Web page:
From where they hid behind a bush, Luna and Soya shared gleeful whispers and watched as the buildercat glared at the street before trudging back inside. Ringing Blade’s doorbell had been so much fun, they decided to have another go of it.
“Let’s count to five and then ring again,” Luna said. Entanglers always took a few seconds to re-entangle the marbles once set off.
Soya nodded, and began to count: “One.”
“Two,” said Luna.
“Eee! Catch it, catch it! Left. No, right! Rightleft!”
Luna attempted to snatch a glimmering butterfly from the air, Soya contributing unhelpful albeit enthusiastic remarks. They spent a few breezy moments like this before Luna remembered why they were there.
“Wait,” Luna said. “Let’s ring the bell first and then catch it?”
They rang the doorbell once more; this time it was Luna who peered into the peephole. The marble turned red, and the ensuing bang! they heard from within delighted them so fiercely they forgot all about the butterfly.
The ladybug, peeved by the sudden jolt, hopped back to the ceiling, concluding that cat heads were decidedly not ideal for perching after all. But Blade did not see the suspicious spot reappear above him, for he barreled to the front door, furious.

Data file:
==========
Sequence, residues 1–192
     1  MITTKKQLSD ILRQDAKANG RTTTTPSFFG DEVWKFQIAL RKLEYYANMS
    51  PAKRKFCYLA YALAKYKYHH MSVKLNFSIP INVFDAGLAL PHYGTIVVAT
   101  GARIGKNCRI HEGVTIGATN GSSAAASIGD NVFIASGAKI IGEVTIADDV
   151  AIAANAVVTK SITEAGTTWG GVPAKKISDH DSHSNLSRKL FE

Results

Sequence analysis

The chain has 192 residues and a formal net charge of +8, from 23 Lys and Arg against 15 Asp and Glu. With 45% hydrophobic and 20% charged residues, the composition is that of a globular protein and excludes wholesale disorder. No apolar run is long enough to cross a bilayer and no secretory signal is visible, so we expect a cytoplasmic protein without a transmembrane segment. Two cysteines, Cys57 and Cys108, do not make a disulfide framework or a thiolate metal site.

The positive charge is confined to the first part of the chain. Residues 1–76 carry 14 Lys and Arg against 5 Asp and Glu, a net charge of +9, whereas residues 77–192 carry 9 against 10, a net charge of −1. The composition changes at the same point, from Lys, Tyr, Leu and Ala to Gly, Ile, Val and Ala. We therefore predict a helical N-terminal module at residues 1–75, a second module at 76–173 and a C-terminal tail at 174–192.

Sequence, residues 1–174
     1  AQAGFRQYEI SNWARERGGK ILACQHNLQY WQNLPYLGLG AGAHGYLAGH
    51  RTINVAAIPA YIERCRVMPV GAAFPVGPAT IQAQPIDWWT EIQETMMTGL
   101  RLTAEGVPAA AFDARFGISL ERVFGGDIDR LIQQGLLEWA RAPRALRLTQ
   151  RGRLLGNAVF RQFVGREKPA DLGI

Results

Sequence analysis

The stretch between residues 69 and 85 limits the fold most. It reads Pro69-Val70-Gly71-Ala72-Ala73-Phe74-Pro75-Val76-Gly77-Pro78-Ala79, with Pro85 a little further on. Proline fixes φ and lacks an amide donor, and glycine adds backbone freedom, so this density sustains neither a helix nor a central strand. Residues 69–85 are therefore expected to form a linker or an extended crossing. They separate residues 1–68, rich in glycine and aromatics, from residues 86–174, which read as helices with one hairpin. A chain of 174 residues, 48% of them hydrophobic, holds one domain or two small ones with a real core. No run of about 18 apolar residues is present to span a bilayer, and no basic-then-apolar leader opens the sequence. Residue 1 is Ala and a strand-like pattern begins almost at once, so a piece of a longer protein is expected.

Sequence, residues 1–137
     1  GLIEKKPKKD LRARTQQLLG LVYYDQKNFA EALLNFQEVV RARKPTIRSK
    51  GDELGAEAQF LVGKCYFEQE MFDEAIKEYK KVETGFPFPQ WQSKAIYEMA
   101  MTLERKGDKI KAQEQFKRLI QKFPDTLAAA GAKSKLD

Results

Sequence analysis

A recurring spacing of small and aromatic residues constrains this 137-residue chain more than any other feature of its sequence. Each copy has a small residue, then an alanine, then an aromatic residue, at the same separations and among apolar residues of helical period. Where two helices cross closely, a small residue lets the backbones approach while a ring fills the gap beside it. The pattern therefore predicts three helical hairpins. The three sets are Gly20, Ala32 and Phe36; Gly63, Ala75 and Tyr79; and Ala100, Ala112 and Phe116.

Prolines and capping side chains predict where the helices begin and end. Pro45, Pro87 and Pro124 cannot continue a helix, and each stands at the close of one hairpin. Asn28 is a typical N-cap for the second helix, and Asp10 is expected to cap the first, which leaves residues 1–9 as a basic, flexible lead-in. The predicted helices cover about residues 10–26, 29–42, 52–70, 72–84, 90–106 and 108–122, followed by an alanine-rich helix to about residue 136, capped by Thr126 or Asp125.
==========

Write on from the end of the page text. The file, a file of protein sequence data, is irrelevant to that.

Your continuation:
He flung open the door, unsurprised to find no one there, and yowled into the mid-morning sunshine: “I know it’s you, Luna! You and whichever kittens you’ve roped into bothering me. Leave me alone or I’ll… I’ll…” he glanced at the parcel still clutched in his paw. “I’ll make you run an errand!”
There was no answer, though he hadn’t really been expecting one. But he had a plan.
He pretended, with inimitable dramatic flair, to close the door. He left it a smidge open, just enough for him to peep through.
However, Luna, being somewhat of a connoisseur of plans and pranks, anticipated this, so she turned to Soya and said:
“It’s your turn to ring the bell. Go up there! I’ll stand guard.” And when the diamond-chested, gullible kitten did just that, Luna slipped away, rapturous at this bonus prank, the sounds of a disgruntled cat berating a kitten fading behind her as she fled.
Back on the porch, beration complete, Blade pushed his parcel into a regretful Soya’s paws and set her about making the delivery. Which meant he was completely free to ponder the suspicious spot in peace.